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Carrier Landing Practice

Last post 01-29-2007, 12:00 PM by KenV. 1 replies.
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  •  12-28-2006, 3:56 PM 3871

    Carrier Landing Practice

    The short story: My father has a large hunk of rope that apparently was used to stop fighters that were stationed in Niagara Falls NY.  As the story goes: the Navy provided fighters that were carrier based – well they were fitted with arrestor hooks.  I think the unit was the 107th Fighter Interceptor Group (Air National Guard) flying F-16s.  I could believe that some jig was used for practicing carrier landings.  I can not believe that these planes needed to grab a wire to stop.  I also question the use of rope and not wire… Perhaps someone out there will me understand the set up and usage?  Happy New Year… Mike – Buffalo, NY

  •  01-29-2007, 12:00 PM 3999 in reply to 3871

    Re: Carrier Landing Practice

    After the USAF flew Navy aircaft for several years (The F-4 and A-7), they learned to really like having an arrestor hook.  The F-15 and F-16, although totally non carrier capable, both have an arrestor hook, as does the F-117 and F-22.  Why?  Almost all military bases worlwide have "field arresting gear".  Theses system cannot stop an aircraft in the few feet at full touchdown speed the way carrier arresting gear do, but they can stop an aircarft that has landed and has already slowed down to keep it from running off the end of the runway, and that's how USAF uses it, to prevent their aircraft from running of the end of the runway in the event of some problem.  Maintaining the arresting gear is way way cheaper than fixing an aircraft that has overrun the runway.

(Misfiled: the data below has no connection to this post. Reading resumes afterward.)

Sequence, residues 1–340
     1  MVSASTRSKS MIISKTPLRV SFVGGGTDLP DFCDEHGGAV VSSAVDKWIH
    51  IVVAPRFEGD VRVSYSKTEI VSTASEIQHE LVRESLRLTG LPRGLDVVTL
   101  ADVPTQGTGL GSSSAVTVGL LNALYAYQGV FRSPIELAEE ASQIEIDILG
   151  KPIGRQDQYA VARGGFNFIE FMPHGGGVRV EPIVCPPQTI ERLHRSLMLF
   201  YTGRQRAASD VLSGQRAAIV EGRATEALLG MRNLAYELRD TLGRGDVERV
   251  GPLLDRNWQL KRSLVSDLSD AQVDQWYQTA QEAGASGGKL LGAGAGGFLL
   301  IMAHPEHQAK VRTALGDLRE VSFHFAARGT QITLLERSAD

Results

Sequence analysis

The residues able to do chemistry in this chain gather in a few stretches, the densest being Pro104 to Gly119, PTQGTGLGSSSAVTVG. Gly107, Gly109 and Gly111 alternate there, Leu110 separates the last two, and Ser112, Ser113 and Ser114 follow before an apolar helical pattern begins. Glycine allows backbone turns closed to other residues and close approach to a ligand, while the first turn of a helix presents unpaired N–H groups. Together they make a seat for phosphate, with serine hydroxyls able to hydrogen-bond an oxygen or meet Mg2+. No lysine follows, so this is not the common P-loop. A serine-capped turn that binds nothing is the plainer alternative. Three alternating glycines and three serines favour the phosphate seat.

And you're right, it does no use a rope, but a steel cable.  A rope would not begin to work for this kind of application.

    Hope this answered your question.

     

     

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